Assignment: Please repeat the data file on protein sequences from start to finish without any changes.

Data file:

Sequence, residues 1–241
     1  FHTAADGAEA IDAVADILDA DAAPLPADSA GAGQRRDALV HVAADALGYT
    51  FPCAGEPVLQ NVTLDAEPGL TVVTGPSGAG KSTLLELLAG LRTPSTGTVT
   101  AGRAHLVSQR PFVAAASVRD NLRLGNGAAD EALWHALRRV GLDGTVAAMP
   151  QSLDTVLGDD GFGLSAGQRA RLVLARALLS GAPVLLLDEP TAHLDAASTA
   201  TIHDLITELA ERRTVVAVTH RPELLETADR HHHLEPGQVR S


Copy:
Sequence, residues 1–241
     1  FHTAADGAEA IDAVADILDA DAAPLPADSA GAGQRRDALV HVAADALGYT
    51  FPCAGEPVLQ NVTLDAEPGL TVVTGPSGAG KSTLLELLAG LRTPSTGTVT
   101  AGRAHLVSQR PFVAAASVRD NLRLGNGAAD EALWHALRRV GLDGTVAAMP
   151  QSLDTVLGDD GFGLSAGQRA RLVLARALLS GAPVLLLDEP TAHLDAASTA
   201  TIHDLITELA ERRTVVAVTH RPELLETADR HHHLEPGQVR S